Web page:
New deep-tech startup JAH Cultura wants to cultivate a sustainable future by revolutionising agriculture. Using its proprietary technology, it has created a series of ceramic-alloy products to significantly boost harvests for farmers and hobbyists.

In 2021, JAH Cultura engaged Republic Polytechnic Agriculture Technology to test and verify the previously observed effects of Unitatem CULTURA™ in agriculture. A feasibility study of the effects of JAH Cultura’s treated water on the growth of vegetables was conducted at Republic Polytechnic’s Agriculture Technology laboratory. An increase of 21.42 per cent in yield was observed for treated Bok Choy seeds, and Bok Choy plants growing with treated water showed an increased yield of 18.5 per cent under laboratory conditions.

The seeds can be treated by simply leaving them in JAH Cultura’s ceramic-alloy capsules prior to germination. The water used to feed these plants can be treated by running through JAHCultura’s water system. The soil can be treated using JAH Cultura pegs inserted into it. Subject to weather conditions, one or all three of these methods can be used.

The proprietary ceramic-alloy material has been certified safe under the EU REACH for Chemical Substances. JAH Cultura has worked with research institutes such as Republic Polytechnic and Denova Sciences to test and verify the effects of its technology on plants and animal cells.

Tan Chong Hui, CEO and Co-Founder of JAH Tech, the parent company for JAH Cultura, is excited about the prospects of Unitatem CULTURA™ for agriculture. “The results from our third-party research institutes on Unitatem CULTURA™ exceeded our expectations. They show that our technology has the potential to help solve farming issues such as low crop yield by as much as 21 per cent from just exposing seeds and water to our technology.”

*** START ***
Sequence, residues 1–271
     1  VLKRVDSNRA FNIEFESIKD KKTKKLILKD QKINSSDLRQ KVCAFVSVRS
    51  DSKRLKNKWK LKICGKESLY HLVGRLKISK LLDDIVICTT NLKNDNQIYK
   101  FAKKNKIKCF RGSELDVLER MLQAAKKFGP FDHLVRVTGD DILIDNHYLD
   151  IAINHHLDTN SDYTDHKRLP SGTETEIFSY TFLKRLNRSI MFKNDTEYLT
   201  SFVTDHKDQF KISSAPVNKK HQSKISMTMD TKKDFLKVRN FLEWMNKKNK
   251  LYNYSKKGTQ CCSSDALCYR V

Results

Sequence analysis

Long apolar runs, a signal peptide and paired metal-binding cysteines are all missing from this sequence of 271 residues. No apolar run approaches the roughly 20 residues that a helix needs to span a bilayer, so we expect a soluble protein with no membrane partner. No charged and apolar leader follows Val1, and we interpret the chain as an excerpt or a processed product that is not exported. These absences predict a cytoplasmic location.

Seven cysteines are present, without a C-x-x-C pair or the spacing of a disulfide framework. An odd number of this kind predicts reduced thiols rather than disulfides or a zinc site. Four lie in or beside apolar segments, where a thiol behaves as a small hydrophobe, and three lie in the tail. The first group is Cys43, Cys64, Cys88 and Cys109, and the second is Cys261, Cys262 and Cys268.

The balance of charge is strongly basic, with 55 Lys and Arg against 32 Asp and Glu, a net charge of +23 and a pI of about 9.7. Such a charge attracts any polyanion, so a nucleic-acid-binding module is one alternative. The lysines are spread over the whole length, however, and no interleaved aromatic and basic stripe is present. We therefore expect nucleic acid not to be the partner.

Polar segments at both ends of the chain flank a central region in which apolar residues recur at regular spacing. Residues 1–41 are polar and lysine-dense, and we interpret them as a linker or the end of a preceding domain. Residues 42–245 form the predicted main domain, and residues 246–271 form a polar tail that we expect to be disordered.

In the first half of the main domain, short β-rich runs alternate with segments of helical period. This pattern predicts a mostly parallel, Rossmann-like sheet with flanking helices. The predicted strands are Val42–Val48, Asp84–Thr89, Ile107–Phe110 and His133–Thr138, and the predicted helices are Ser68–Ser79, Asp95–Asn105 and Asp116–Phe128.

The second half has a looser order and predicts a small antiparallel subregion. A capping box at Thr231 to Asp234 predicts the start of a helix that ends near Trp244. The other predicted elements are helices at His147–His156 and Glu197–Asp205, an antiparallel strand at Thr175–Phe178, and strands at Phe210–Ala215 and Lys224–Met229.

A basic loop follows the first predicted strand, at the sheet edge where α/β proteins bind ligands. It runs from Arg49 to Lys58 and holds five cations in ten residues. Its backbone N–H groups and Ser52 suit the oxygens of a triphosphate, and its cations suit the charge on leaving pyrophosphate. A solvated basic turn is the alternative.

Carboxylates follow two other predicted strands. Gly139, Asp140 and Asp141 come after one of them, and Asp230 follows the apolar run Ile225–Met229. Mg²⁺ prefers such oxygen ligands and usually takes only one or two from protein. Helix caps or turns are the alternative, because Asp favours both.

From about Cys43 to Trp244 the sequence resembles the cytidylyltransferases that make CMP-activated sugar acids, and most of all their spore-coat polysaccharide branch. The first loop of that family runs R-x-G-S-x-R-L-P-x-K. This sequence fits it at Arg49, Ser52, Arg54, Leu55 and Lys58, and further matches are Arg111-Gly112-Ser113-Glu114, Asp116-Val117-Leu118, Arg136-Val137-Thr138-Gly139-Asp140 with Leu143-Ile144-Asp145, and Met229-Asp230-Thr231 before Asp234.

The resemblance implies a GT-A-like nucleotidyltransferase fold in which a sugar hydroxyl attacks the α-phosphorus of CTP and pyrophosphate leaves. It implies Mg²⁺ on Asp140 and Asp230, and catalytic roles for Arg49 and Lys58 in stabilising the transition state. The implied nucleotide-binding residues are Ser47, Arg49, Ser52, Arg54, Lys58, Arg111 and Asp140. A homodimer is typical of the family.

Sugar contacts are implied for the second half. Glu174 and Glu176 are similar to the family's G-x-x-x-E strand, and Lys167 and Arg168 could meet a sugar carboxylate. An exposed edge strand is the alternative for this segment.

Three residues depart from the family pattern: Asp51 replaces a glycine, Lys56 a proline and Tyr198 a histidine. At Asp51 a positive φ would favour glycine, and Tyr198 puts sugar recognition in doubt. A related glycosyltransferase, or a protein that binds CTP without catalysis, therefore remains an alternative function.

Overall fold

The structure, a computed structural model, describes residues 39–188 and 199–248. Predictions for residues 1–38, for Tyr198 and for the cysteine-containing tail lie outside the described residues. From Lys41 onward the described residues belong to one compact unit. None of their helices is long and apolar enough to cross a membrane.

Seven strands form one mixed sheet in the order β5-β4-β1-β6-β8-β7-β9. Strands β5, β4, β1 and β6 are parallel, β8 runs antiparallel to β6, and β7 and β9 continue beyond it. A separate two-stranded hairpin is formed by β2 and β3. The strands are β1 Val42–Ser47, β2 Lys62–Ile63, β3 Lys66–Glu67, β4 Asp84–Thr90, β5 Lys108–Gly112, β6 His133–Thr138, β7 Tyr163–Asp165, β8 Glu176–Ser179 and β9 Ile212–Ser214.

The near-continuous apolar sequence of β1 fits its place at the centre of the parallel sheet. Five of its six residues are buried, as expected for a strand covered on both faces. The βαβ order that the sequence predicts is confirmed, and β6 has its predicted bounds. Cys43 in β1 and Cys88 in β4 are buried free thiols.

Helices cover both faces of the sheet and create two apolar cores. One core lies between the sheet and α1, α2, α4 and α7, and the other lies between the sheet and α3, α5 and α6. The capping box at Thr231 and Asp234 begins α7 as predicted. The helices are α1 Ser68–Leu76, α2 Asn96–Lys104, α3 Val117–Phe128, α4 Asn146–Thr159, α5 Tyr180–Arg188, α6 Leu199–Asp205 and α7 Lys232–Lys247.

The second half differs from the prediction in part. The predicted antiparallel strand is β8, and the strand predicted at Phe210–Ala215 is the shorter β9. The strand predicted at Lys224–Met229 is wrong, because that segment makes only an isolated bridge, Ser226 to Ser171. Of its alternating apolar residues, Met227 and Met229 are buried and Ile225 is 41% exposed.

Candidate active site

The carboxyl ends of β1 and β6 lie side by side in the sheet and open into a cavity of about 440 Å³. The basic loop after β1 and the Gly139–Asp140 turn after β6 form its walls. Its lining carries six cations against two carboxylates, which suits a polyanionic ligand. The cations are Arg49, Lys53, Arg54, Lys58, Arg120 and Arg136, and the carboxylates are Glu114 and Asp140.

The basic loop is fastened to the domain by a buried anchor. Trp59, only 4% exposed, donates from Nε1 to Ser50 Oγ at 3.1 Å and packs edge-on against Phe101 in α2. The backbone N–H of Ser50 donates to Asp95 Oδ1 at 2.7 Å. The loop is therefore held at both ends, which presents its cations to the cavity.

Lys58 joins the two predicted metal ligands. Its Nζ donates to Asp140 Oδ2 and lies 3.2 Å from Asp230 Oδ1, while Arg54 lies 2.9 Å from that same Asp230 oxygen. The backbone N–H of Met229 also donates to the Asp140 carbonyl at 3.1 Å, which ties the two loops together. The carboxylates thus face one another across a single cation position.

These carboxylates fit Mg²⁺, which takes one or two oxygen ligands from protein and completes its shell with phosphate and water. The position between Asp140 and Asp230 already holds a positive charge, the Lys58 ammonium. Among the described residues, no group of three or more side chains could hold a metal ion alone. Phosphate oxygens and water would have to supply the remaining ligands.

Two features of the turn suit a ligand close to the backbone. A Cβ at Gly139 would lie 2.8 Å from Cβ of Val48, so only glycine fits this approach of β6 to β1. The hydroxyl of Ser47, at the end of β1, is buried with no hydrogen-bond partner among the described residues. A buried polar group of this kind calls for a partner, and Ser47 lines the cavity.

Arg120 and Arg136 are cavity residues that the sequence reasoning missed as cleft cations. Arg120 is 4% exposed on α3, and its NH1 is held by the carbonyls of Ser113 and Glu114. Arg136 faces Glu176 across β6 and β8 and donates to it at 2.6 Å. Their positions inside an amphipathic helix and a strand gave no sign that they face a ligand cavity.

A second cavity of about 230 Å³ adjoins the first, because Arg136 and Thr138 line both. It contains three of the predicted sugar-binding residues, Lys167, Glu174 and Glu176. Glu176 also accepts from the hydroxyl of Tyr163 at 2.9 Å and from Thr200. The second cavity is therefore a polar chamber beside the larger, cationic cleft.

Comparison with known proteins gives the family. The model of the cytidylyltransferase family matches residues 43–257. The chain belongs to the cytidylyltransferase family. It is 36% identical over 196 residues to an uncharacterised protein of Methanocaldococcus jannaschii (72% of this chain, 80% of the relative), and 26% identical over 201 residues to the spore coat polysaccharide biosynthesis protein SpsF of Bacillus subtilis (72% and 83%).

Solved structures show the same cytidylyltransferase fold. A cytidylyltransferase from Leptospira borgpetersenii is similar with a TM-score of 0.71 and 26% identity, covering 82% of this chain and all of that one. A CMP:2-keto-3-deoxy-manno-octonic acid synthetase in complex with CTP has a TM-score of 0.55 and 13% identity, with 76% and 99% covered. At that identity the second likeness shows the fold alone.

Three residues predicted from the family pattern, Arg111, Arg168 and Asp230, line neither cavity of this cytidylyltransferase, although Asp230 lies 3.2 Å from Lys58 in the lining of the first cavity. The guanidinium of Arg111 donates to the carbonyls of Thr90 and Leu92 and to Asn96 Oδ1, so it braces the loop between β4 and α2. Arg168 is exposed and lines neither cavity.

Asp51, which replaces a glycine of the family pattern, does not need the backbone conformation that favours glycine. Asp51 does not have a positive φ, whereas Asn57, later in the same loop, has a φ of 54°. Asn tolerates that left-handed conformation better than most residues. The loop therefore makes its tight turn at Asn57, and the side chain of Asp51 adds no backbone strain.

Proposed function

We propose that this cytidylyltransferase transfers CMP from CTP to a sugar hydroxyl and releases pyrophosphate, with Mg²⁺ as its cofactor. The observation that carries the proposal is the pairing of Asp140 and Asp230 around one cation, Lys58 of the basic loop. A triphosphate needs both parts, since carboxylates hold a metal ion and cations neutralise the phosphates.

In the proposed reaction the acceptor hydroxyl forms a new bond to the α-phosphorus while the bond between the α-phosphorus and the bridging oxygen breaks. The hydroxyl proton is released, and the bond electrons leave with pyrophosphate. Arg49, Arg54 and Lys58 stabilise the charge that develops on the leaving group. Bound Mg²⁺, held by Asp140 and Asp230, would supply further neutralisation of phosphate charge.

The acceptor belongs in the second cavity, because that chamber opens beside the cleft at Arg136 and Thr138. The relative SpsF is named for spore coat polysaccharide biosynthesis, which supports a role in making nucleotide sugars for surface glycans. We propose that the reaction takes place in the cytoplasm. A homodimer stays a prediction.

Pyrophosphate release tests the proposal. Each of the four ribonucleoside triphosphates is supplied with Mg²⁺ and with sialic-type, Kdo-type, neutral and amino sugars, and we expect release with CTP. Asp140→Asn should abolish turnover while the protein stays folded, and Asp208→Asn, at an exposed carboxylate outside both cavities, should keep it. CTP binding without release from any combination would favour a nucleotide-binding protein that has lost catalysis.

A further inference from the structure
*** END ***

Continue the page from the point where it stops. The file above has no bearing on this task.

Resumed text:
“As a sustainable solution, Unitatem CULTURA™ doesn’t require additional energy sources because the field emitted from the ceramic-alloy field is a naturally occurring wave frequency. It interacts directly with the water supply, rearranging molecular structure of water for easy absorption, which accounts for the accelerated plant yield,” adds Tan.

Accelerating Plant Growth, from Singapore to Cambodia

Singaporean commercial urban farm, Farmer Nick, will be the first to benefit from the technology. Under Nature’s International Commodity (NIC), the farm signed its official agreement on 6 June for its farm in Singapore and its sister company Twinagri Tech Co Ltd in Cambodia to be a partner of JAH Cultura.

Prior to the agreement, JAH Cultura assisted Farmer Nick to boost vegetable growth in its organic farm in Singapore through the application of Unitatem CULTURA™. In comparison with its plants grown without Unitatem CULTURA™, quicker, stronger yield was clearly visible and that led to the agreement for a full roll-out of the technology on all its farms.

Having increased local produce helps alleviate the reliance on importing from traditional farms and food suppliers overseas. The technology aims to help increase Singapore’s food security, and help farmers achieve the nation’s 30 by 30 sustainability goal. Carbon footprints will also be reduced.

As Singapore is land-scarce, JAH Cultura’s technology helps farmers like Farmer Nick utilise their land space for increased yield.

Nicholas Goh, Founder of NIC, says, “JAH Cultura’s technology has helped shorten my seed-to-harvest time frame with improved plant health and resilience. All we needed to do to our existing infrastructure was connect their water system to our existing irrigation system without altering any existing infrastructure. This makes it extremely easy, customisable, and economical to use in our urban farm, which is set atop a multi-storey carpark.”